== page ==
Casarena Estate Chardonnay 2011
Casarena is forging a different path from the other wineries in Mendoza. Instead of searching for undiscovered terroirs in new places like the Uco Valley, it is discovering the hidden gems in its home region of Lujan de Cuyo—a place full of rich tradition, potential, and unique micro-terroirs. Casarena has purchased as well as planted vineyards in several distinctive sites, and they control all aspects of winegrowing and winemaking in order to maximize the flavor expression of these terroirs.
The name “Casarena” is a creative merging of the Spanish words “casa” (house) and “arena” (sand), and is a tribute to their restored 1930s winery made of sand-colored stone and the sandy soil that their estate is built on. All theses features gather together unbeatable height, climate and soil conditions to cultivate premium vineyards. The Wine Making team is headed by Michel Rolland.
By far the largest and best-known winemaking province in Argentina, Mendoza is responsible for over 70% of the country’s enological output. Set in the eastern foothills of the Andes Mountains, the climate is dry and continental, presenting relatively few challenges for viticulturists during the growing season. Mendoza, divided into several distinctive sub-regions, including Luján de Cuyo and the Uco Valley, is the source of some of the country’s finest wines.
For many wine lovers, Mendoza is practically synonymous with Malbec. Originally a Bordelaise variety brought to Argentina by the French in the mid-1800s, here it found success and renown that it never knew in its homeland where a finicky climate gives mixed results. Cabernet Sauvignon, Syrah, Merlot and Pinot Noir are all widely planted here as well (and sometimes even blended with each other or Malbec). Mendoza's main white varieties include Chardonnay, Torrontés, Sauvignon Blanc and Sémillon.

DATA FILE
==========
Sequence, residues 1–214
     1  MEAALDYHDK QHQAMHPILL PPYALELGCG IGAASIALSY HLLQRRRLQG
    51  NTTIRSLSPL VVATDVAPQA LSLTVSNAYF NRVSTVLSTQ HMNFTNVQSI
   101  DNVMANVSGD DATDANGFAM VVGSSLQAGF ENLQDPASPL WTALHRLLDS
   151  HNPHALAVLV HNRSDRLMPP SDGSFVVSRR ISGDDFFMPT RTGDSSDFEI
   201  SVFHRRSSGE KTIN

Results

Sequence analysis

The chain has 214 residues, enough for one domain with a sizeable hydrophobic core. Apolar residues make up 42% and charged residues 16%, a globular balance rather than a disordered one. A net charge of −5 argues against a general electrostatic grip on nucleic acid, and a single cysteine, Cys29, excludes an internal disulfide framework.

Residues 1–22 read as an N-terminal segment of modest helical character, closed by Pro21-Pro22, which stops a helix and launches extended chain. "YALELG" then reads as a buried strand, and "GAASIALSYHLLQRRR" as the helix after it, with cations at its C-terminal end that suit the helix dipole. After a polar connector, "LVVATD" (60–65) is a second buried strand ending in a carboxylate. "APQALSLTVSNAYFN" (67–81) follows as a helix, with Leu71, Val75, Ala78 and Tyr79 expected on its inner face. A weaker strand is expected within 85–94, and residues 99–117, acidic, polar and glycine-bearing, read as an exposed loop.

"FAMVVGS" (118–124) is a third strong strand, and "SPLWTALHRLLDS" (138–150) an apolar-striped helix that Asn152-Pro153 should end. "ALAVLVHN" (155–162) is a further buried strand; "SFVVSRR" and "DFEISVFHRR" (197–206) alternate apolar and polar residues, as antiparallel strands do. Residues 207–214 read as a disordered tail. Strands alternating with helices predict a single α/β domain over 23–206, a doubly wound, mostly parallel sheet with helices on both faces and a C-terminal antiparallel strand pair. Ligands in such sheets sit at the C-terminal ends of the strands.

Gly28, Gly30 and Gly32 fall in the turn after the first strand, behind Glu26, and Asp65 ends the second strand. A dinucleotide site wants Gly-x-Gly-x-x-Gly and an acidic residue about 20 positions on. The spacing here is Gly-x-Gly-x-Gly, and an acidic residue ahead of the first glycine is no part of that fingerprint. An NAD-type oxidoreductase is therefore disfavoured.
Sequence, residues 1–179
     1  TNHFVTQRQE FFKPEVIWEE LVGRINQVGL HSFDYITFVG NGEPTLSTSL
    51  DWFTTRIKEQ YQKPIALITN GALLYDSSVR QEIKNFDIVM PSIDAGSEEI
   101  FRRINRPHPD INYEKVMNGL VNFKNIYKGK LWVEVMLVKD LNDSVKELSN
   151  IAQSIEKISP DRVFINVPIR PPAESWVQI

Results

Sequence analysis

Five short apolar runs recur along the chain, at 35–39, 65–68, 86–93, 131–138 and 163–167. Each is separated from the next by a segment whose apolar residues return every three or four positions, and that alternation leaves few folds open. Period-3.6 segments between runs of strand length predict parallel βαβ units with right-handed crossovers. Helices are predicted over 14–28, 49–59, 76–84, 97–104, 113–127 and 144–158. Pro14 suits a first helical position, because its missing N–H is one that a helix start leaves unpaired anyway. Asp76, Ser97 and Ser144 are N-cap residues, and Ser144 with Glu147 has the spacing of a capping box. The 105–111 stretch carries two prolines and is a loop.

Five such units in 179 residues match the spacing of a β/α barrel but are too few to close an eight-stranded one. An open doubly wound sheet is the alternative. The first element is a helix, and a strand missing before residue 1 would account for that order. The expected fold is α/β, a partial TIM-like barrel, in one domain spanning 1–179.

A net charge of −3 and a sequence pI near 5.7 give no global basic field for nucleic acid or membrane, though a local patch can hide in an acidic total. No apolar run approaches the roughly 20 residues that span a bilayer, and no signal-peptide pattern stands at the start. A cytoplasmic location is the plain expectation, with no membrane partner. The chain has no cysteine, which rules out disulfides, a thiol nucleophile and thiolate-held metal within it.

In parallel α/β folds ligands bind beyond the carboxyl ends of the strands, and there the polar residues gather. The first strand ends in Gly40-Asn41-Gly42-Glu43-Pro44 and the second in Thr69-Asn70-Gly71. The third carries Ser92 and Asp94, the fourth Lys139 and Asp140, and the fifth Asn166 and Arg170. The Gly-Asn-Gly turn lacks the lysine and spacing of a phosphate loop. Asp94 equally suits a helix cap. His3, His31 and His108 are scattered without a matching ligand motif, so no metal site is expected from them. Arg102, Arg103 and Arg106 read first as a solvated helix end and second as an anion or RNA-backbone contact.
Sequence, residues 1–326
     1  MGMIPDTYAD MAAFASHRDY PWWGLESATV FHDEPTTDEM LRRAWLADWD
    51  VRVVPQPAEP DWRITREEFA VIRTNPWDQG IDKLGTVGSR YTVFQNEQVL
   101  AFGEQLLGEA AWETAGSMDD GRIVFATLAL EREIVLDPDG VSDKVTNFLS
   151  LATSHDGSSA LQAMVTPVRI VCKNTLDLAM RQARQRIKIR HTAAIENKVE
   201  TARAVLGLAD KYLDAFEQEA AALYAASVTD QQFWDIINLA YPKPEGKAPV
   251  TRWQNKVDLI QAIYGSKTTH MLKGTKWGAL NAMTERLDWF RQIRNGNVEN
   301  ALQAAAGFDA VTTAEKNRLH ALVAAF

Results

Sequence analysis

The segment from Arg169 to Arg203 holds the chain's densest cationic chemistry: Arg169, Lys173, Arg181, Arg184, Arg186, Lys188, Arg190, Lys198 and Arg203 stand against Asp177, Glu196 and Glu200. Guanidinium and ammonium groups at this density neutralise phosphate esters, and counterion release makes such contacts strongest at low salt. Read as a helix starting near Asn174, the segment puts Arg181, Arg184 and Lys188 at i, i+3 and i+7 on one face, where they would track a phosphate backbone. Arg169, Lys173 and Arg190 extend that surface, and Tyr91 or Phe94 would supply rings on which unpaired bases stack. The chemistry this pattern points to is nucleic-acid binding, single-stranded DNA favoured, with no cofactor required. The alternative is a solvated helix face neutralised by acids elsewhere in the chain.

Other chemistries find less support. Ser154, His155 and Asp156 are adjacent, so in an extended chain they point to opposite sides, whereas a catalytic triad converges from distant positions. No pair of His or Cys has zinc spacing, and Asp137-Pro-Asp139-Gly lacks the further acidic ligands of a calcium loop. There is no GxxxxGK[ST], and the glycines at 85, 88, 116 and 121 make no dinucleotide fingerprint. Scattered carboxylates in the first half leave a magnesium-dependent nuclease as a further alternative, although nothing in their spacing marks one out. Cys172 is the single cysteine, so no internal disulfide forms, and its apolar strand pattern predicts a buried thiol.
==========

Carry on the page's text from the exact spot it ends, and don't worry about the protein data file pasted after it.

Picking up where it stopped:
One of the most popular and versatile white wine grapes, Chardonnay offers a wide range of flavors and styles depending on where it is grown and how it is made. While it tends to flourish in most environments, Chardonnay from its Burgundian homeland produces some of the most remarkable and longest lived examples. California produces both oaky, buttery styles and leaner, European-inspired wines. Somm Secret—The Burgundian subregion of Chablis, while typically using older oak barrels, produces a bright style similar to the unoaked style. Anyone who doesn't like oaky Chardonnay would likely enjoy Chablis.